Hungarian biologist Tibor Gánti is an obscure figure. Now, more than a decade after his death, his ideas about how life began are finally coming to fruition. The article about him by Michael Marshall was published in the National Geographic.
When biologist Tibor Gánti died on April 15, 2009, at the age of 75, he was far from a household name. Much of his career had been spent behind the Iron Curtain that divided Europe for decades, hindering an exchange of ideas.
But if Gánti’s theories had been more widely known during the communist era, he might now be acclaimed as one of the most innovative biologists of the 20th century. That’s because he devised a model of the simplest possible living organism, which he called the chemoton, that points to an exciting explanation for how life on Earth began.
The origin of life is one of science’s most perplexing mysteries, partly because it is several mysteries in one. What was Earth like when it formed? What gases made up the air? Of the thousands of chemicals that living cells now use, which ones are essential—and when did those must-have substances arise?
Perhaps the hardest question is the simplest: What was the first organism?
For scientists attempting to re-create the spark of life, the chemoton offers an attractive target for experiments. If non-living chemicals can be made to self-assemble into a chemoton, that reveals a pathway by which life could have formed from scratch. Even now, some research groups are edging startlingly close to this model.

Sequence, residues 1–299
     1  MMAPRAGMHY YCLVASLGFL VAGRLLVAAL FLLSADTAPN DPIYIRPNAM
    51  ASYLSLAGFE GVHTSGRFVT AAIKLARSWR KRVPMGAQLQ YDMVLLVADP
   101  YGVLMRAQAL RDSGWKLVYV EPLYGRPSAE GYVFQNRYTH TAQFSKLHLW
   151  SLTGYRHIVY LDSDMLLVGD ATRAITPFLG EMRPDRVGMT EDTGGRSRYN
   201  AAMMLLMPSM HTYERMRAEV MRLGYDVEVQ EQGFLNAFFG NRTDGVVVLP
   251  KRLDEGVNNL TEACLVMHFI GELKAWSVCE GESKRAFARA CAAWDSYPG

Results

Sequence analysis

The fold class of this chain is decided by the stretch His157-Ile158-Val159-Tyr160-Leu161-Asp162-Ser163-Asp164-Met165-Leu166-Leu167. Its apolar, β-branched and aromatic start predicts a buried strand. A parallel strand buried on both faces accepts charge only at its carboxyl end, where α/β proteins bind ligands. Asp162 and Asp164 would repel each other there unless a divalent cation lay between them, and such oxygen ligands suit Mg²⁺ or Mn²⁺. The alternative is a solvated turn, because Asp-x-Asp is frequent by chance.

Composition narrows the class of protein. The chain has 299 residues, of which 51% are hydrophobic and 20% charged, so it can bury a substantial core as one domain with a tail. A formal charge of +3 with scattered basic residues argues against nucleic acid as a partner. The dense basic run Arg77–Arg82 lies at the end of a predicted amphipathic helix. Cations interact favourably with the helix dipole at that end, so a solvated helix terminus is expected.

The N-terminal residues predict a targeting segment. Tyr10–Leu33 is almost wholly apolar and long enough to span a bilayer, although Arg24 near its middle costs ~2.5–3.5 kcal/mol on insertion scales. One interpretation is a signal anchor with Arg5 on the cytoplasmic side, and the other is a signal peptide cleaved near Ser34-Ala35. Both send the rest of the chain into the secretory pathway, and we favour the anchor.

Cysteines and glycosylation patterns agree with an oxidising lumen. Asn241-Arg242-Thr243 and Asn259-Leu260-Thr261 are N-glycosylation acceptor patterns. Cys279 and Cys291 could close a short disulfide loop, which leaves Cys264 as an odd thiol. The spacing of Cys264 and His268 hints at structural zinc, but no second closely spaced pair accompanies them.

And for astrobiologists interested in life beyond our planet, the chemoton offers a universal definition of life, one not tied to specific chemicals like DNA, but instead to an overall organizational model.
“I think Gánti has thought deeper about the fundamentals of life than anybody else I know,” says biologist Eörs Szathmáry of the Centre for Ecological Research in Tihany, Hungary.
There is no agreed scientific definition of life, though not for want of trying: A 2012 paper identified 123 published definitions. It’s challenging to write one that encompasses all life but that excludes everything non-living with life-like attributes, such as fire and cars. Many definitions say that living things can reproduce. But a rabbit, or a human, or a whale on its own cannot reproduce.
In 1994 a NASA committee described life as “a self-sustaining chemical system capable of Darwinian evolution.” The word “system” can mean an individual organism, a population, or an ecosystem. That gets around the reeproduction problem, but at a cost: vagueness.
What few people knew at the time was that Gánti had offered another way two decades earlier.
Tibor Gánti was born in 1933 in the small town of Vác, in central Hungary. His early life was colored by conflict. Hungary allied itself with Nazi Germany in World War II, but in 1945 its army was defeated by the Soviet Union. The totalitarian regime would dominate eastern Eurasia for decades, with Hungary becoming a satellite state, like most other eastern European countries.
Fascinated by the nature of living things, Gánti studied chemical engineering before becoming an industrial biochemist. In 1966 he published a book on molecular biology called Forradalom az Élet Kutatásában, or Revolution in Life Research, a dominant university textbook for years—partly because few others were available. The book asked whether science understood how life was organized, and concluded that it did not.
In 1971 Gánti tackled the problem head-on in a new book, Az Élet Princípiuma, or The Principles of Life. Published only in Hungarian, this book contained the first version of his chemoton model, which described what he saw as the fundamental unit of life. However, this early model of the organism was incomplete, and it would take him another three years to publish what is now regarded as the definitive version—again only in Hungarian, in a paper that is not available online.